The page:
While the ongoing labor negotiations between the International Longshore and Warehouse Union (ILWU) and the Pacific Maritime Association (PMA) ostensibly going from bad to worse, following the ILWU’s announcement late last week that it was halting negotiations from November 20 through November 30, a Congressional group last week penned a letter to PMA and ILWU leadership expressing concern over the state of the negotiations. The PMA and ILWU contract expired on July 1, and talks between the PMA and ILWU have been ongoing since May 12.
The Congressional group, entitled the Congressional PORTS Caucus, which is comprised of 90 members of Congress, explained to ILWU President Robert McEllrath and PMA Chairman and CEO James McKenna that heading into this holiday season, U.S. ports are already dealing with issues such as bigger incoming ships, chassis shortages, and deficient roads in U.S. freight gateways.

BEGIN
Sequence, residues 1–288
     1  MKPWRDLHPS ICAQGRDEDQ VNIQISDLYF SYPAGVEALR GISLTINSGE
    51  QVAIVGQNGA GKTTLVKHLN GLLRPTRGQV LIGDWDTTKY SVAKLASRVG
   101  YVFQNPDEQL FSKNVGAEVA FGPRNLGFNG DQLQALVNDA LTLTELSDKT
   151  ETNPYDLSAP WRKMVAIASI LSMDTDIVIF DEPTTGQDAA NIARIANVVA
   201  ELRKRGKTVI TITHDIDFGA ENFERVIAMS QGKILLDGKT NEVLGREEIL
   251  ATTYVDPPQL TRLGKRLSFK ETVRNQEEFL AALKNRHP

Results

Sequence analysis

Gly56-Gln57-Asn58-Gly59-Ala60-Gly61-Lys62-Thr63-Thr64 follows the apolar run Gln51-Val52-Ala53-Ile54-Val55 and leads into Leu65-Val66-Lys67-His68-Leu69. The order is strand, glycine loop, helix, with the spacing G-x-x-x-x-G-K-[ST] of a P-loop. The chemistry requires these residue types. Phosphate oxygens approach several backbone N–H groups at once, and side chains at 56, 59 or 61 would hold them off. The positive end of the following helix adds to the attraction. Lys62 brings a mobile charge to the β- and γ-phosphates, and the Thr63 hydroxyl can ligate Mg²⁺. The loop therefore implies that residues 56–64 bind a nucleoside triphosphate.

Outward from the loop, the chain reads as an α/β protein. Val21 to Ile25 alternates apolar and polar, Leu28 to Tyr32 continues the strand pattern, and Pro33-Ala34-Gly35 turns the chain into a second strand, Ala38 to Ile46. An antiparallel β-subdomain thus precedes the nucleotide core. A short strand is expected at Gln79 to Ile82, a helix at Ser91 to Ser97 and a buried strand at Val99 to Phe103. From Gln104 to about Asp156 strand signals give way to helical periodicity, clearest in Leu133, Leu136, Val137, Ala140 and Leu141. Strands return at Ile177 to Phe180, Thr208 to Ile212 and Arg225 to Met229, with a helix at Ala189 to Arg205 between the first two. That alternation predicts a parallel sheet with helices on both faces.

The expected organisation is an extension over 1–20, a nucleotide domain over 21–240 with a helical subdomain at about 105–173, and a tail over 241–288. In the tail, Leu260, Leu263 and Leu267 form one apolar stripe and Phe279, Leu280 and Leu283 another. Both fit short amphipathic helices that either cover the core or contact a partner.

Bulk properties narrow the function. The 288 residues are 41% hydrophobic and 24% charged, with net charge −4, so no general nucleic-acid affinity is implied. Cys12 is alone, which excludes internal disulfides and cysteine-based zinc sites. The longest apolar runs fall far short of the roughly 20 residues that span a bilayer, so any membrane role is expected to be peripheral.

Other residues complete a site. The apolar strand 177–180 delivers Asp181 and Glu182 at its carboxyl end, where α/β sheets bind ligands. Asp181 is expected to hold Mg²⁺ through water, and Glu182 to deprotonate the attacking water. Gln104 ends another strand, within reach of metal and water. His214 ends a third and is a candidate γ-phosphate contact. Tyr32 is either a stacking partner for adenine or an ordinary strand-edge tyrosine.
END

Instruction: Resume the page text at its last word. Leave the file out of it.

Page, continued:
“These underlying factors have already caused congestion at many of our West Coast ports and any factors that have potential to exacerbate this congestion will further impact the entire supply chain across the United States,” wrote the Congressional PORTS Caucus. “A fair and equitable conclusion on the ongoing West Coast Labor negotiations would allow the stakeholders to work together to formulate solutions to our West Coast labor negotiation.”
The letter added that West Coast ports serve as a vital gateway for shipping American-made products around the world and also urged the PMA and ILWU to continue negotiations in good faith and work to address outstanding issues to reach a mutually agreeable solution. This letter is the most recent one calling for a solution to what has become a lengthy conflict.
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